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ORIGINAL ARTICLE
Year : 2021  |  Volume : 10  |  Issue : 7  |  Page : 2625-2629

Diagnostic value of intravenous oxygen saturation compared with arterial and venous base excess to predict hemorrhagic shock in multiple trauma patients


1 Department of Emergency Medicine, Alborz University of Medical Sciences, Karaj, Iran
2 Department of Emergency Medicine, Faculty of Medicine, Mashhad University of Medical Science, Mashhad, Iran
3 Department of Surgery, School of Medicine, Alborz University of Medical Sciences, Karaj, Iran
4 Department of Oral and Maxillofacial Radiology, School of Dentistry, Mashhad University of Medical Science, Mashhad, Iran
5 Researchers, General Practitioner, Alborz University of Medical Sciences, Karaj, Iran
6 Department of Emergency Medicine, Yazd University of Medical Sciences, Yazd, Iran

Correspondence Address:
Dr. Mehran Bahramian
Department of Emergency Medicine, Alborz University of Medical Sciences, Karaj
Iran
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Source of Support: None, Conflict of Interest: None


DOI: 10.4103/jfmpc.jfmpc_2047_20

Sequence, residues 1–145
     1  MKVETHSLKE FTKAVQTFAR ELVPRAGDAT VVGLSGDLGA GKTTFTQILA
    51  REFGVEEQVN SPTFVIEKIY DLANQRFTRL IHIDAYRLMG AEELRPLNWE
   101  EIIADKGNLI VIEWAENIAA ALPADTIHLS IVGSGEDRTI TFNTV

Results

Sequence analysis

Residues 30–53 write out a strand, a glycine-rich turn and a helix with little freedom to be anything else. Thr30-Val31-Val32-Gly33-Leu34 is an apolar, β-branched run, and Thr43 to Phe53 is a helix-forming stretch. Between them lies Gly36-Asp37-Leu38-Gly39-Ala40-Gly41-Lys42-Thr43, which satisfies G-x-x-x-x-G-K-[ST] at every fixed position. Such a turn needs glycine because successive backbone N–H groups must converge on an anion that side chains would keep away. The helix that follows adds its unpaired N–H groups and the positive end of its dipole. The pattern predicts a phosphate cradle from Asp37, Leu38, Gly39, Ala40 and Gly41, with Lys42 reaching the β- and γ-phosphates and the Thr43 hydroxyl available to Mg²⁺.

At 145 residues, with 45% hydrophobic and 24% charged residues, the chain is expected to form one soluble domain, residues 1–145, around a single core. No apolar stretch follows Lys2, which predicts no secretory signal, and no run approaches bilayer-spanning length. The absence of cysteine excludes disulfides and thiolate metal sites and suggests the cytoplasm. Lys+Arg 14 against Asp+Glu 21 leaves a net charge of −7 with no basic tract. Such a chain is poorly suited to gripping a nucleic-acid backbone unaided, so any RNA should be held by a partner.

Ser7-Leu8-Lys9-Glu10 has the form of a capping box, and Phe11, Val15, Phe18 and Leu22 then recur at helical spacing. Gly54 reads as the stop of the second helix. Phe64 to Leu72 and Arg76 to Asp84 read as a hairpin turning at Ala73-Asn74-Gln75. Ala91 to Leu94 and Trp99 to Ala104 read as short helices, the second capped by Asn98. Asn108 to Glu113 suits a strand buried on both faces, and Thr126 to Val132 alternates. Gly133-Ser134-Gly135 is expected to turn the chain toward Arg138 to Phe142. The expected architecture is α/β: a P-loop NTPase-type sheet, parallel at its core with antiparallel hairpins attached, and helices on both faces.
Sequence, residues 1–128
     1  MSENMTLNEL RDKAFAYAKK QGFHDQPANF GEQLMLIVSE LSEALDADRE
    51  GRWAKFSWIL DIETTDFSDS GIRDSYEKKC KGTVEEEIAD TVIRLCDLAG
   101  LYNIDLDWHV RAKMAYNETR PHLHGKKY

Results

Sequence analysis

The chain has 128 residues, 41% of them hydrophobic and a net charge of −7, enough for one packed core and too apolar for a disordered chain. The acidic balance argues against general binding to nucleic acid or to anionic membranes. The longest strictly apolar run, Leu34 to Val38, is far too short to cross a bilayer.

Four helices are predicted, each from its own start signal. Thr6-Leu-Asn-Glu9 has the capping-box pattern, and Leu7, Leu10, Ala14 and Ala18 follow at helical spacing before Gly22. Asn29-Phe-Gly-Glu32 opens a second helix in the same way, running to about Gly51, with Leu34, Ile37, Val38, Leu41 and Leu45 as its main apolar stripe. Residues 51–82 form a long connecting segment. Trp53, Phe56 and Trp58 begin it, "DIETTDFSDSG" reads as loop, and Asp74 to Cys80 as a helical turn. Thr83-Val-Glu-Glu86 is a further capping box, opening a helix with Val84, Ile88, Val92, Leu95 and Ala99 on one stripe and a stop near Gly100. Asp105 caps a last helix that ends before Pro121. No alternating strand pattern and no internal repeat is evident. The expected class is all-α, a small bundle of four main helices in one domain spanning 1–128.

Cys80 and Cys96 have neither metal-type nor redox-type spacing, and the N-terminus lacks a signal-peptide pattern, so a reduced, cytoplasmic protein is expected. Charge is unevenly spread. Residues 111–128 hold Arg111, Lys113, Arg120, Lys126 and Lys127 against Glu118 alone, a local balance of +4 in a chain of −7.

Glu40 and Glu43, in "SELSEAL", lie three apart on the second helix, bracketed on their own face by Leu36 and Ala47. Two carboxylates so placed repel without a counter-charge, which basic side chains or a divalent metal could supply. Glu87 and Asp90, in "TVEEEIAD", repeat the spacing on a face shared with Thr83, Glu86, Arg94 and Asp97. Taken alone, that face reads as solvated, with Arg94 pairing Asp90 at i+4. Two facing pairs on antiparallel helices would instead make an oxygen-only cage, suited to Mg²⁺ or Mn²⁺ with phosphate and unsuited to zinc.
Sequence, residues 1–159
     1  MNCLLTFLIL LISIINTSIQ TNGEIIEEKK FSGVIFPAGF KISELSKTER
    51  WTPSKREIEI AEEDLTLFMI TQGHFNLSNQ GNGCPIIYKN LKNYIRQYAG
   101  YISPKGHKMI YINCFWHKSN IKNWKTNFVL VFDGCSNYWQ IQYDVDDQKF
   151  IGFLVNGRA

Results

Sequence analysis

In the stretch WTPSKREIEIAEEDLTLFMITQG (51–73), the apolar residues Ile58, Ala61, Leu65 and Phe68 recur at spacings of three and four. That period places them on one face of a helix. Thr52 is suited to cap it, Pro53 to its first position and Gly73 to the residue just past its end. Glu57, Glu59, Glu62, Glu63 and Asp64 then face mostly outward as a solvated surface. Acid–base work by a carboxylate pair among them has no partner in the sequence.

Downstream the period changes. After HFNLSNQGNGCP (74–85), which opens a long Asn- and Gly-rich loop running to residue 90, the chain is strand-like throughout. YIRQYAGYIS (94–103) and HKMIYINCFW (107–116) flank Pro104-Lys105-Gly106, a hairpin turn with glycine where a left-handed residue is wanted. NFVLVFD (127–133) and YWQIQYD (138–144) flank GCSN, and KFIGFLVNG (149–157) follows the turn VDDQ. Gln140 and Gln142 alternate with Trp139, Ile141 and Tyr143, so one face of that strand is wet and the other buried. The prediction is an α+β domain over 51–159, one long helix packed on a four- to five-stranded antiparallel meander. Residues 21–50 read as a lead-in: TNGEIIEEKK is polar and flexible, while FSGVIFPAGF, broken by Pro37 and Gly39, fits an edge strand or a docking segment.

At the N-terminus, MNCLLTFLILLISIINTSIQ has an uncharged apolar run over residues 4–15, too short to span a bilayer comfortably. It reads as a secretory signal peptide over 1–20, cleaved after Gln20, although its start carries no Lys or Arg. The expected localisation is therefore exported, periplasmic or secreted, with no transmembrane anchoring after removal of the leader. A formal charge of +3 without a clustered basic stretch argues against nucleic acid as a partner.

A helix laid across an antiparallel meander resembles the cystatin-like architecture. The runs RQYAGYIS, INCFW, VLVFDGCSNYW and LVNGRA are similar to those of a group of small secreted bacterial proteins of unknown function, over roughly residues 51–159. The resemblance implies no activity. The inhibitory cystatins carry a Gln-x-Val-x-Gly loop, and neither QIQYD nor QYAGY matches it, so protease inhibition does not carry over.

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Introduction: In this study, with the help of peripheral vein sampling, Spvo2, and peripheral artery and vein sampling, we examined base excess (BE) in trauma patients and determined its diagnostic value for hemorrhagic shock. Methods: In this cross-sectional study, from 64 patients with abdominal, pelvic and chest Blunt trauma who have a score of 2 or higher trauma during treatment, blood samples were taken from peripheral vein to measure oxygen saturation and peripheral vein and artery for BE measurements and were compared in order to assess their diagnostic value in predicting the occurrence of hemorrhagic shock. Results: Out of 60 examined patients, 43 (71.67%) patients were diagnosed with hemorrhagic shock. The correlation for the percentage of oxygen saturation of the peripheral blood and the rate of arterial and venous BE for these r2 patients were 17.0 and 09.0, respectively, with a P value greater than 0.005. In the case of the percentage of oxygen saturation of the peripheral blood, the sensitivity and specificity were 93.03 and 11.76%, respectively. The positive and negative likelihood ratios were 1.05 and 0.59, respectively. The positive and negative predictive values were 72.73 and 40%, respectively. Conclusion: In general, the results of this study showed that arterial and venous excess base levels had a proper correlation, specificity and sensitivity for diagnosing and predicting hemorrhagic shock, while the percentage of oxygen saturation of peripheral blood and BE arterial and venous levels had not proper correlation to detect and predict hemorrhagic shock.


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